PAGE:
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Re: So what's null then if it's not nothing?

From: Frank Hamersley <terabitemightbe_at_bigpond.com>
Date: Tue, 29 Nov 2005 13:21:12 GMT
Message-ID: <cBYif.6655$ea6.2147@news-server.bigpond.net.au>


David Cressey wrote:
> "Frank Hamersley" <terabitemightbe_at_bigpond.com> wrote in message
> news:A7wif.5513$ea6.729_at_news-server.bigpond.net.au...
>

>>It has always escaped me why Sybase particularly (and perhaps others)
>>convert '' to ' ' for varchar attributes.  I must admit I haven't
>>applied much brain power to rationalising the impact on the query engine
>>of unwinding this behaviour, but on first impression can't understand
>>why NULL, '' and ' ' are not distinguishable.  Curiously RTRIM('') gives
>>NULL as a result!
>>
>>Anyway, thats the way it is. Perhaps someone can turn on the light?

>
> The engineers are not infinite in their wisdom.
>
> The most robust solution for storing NULLS is a bit vector stored with each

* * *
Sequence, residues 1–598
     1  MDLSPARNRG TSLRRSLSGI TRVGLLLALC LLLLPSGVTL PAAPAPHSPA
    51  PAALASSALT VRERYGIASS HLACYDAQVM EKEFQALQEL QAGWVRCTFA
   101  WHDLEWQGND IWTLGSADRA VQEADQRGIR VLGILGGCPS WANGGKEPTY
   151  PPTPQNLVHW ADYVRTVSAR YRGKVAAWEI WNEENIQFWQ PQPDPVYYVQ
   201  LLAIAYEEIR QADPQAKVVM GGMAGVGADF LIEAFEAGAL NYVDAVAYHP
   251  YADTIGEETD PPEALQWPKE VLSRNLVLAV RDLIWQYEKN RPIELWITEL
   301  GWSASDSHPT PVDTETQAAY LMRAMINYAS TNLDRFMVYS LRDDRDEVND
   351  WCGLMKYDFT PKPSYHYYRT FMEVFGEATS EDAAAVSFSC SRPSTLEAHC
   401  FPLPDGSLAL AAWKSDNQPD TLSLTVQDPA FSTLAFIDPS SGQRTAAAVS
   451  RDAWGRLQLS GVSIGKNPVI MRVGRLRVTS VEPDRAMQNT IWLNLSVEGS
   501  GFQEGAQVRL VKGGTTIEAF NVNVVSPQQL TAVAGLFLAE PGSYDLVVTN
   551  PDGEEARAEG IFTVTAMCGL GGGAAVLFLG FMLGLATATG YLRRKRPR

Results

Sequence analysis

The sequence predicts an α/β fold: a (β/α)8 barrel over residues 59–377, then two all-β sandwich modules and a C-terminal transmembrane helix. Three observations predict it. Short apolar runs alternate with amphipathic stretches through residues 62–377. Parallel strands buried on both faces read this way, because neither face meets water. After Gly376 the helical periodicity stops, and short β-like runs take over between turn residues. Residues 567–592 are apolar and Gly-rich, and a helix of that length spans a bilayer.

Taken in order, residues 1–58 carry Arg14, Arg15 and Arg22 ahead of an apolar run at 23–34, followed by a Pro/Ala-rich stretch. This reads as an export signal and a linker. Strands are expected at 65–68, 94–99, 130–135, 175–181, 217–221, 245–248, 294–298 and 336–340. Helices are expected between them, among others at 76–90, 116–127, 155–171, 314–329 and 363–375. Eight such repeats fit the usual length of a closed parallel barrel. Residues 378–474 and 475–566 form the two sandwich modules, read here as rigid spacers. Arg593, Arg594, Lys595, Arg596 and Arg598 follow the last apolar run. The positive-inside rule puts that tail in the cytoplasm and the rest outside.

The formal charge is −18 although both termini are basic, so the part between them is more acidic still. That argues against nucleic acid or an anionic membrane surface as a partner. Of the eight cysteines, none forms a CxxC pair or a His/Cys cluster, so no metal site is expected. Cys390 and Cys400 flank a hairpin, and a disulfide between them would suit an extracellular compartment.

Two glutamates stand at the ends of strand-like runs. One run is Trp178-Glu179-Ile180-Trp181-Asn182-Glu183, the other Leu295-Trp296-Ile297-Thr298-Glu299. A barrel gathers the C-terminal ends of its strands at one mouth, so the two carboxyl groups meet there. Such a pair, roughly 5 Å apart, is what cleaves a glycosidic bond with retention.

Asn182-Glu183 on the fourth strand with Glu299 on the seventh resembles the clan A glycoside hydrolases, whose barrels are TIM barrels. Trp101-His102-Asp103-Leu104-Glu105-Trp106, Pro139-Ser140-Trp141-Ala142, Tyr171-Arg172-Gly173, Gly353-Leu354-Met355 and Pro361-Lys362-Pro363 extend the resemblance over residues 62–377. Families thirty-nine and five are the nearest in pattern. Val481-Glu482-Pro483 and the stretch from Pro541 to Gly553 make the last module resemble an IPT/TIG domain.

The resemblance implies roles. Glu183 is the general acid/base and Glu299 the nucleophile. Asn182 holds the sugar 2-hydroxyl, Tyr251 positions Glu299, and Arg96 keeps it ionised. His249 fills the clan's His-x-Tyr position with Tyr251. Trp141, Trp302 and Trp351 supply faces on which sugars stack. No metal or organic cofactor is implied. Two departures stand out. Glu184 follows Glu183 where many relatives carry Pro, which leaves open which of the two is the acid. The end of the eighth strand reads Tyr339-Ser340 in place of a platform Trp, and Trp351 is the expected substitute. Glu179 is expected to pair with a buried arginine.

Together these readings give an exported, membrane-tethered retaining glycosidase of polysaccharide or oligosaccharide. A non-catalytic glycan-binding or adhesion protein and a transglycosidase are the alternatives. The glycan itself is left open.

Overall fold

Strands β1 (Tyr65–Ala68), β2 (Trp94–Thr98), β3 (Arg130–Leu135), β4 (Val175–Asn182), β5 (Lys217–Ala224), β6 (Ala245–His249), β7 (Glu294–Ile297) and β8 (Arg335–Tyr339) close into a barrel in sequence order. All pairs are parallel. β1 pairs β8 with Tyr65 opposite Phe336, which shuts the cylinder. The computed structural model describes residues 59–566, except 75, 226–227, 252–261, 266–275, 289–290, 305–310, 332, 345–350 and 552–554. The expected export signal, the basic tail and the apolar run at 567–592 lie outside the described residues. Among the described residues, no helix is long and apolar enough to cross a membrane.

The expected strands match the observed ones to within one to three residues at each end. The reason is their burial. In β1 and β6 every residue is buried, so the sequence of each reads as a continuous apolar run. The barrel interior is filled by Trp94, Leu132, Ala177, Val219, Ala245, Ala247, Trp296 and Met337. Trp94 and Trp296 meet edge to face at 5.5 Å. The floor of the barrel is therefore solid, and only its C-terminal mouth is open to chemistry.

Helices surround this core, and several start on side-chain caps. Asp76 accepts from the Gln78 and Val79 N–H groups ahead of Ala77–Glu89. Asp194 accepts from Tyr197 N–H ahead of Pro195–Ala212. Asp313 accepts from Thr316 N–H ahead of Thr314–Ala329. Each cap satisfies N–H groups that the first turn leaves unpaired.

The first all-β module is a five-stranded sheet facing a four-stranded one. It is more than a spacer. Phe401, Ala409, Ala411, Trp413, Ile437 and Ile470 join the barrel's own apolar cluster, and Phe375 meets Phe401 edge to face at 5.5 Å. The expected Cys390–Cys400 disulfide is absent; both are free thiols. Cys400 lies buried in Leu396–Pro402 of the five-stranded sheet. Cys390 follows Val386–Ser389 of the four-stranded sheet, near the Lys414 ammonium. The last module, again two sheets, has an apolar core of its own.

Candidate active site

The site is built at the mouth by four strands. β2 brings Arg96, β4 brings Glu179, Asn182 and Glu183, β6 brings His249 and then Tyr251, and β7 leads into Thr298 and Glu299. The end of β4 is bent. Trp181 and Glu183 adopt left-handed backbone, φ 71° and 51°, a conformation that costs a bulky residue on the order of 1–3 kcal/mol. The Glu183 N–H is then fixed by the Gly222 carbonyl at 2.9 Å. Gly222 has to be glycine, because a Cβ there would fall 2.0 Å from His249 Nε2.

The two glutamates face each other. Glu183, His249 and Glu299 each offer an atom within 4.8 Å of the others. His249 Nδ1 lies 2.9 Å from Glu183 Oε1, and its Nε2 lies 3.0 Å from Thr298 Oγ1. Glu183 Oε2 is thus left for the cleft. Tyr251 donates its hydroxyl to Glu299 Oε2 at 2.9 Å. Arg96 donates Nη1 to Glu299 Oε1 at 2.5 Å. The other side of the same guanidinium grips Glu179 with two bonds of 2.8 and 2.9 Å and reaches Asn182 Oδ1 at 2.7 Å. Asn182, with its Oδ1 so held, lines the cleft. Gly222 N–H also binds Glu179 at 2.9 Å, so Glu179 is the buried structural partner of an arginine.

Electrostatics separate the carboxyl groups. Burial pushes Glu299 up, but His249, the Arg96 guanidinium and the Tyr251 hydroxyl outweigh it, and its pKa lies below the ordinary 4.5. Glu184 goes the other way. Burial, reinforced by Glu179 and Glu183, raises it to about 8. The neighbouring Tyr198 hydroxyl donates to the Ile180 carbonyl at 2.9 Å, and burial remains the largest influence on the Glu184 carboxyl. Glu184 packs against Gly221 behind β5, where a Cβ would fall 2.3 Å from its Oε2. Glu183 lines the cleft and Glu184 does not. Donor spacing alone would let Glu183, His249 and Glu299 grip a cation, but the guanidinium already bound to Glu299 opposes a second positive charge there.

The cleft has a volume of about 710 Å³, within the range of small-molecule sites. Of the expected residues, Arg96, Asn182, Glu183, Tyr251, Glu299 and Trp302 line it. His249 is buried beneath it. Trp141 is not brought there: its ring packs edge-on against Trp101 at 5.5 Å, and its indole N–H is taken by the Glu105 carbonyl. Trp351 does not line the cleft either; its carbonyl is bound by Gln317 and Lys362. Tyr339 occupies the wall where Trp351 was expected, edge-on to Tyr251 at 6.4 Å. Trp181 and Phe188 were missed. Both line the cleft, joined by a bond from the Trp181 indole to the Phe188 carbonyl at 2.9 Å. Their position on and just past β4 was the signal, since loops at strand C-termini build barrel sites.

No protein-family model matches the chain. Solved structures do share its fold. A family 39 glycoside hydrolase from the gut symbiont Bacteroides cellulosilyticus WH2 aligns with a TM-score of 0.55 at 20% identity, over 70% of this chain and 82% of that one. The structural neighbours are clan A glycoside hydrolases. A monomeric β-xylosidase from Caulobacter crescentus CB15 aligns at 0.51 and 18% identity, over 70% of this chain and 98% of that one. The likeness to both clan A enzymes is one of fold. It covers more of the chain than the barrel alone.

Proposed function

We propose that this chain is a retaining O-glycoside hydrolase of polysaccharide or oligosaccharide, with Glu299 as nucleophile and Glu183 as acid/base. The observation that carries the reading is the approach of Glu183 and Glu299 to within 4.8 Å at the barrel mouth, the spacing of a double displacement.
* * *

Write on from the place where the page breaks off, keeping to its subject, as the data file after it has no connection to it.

> row, that indicates whether data is present or not present in each of the
> cells. However, this adds overhead. DEC Rdb did it this way. DEC's
> solution has the overhead, even in cases where a coulmn is declared NOT
> NULL.
>
> Oracle chose to indicate a null by the "impossible values" method. For
> example, A NULL in a NUMBER is represented by minus zero. A single zero
> byte is used to represent a NULL in a VARCHAR. Unfortunately, an empty
> string, having length zero, gets the same representation. Oops!
>
> I don't know about Sybase.

On zip research I am guessing the "impossible values" method given their propensity to force '' to ' ' to avoid embarassment and confusion.

Cheers, Frank. Received on Tue Nov 29 2005 - 07:21:12 CST

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